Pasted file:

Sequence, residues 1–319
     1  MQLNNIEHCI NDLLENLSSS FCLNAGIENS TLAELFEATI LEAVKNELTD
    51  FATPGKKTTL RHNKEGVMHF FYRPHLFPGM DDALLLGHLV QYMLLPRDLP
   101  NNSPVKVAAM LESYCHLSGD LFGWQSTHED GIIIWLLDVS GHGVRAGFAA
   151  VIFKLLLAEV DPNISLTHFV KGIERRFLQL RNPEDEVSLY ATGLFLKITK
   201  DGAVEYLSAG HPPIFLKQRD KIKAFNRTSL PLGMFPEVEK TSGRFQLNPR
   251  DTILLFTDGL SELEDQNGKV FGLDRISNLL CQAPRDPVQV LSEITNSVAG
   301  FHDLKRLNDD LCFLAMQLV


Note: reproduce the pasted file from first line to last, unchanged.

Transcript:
Sequence, residues 1–319
     1  MQLNNIEHCI NDLLENLSSS FCLNAGIENS TLAELFEATI LEAVKNELTD
    51  FATPGKKTTL RHNKEGVMHF FYRPHLFPGM DDALLLGHLV QYMLLPRDLP
   101  NNSPVKVAAM LESYCHLSGD LFGWQSTHED GIIIWLLDVS GHGVRAGFAA
   151  VIFKLLLAEV DPNISLTHFV KGIERRFLQL RNPEDEVSLY ATGLFLKITK
   201  DGAVEYLSAG HPPIFLKQRD KIKAFNRTSL PLGMFPEVEK TSGRFQLNPR
   251  DTILLFTDGL SELEDQNGKV FGLDRISNLL CQAPRDPVQV LSEITNSVAG
   301  FHDLKRLNDD LCFLAMQLV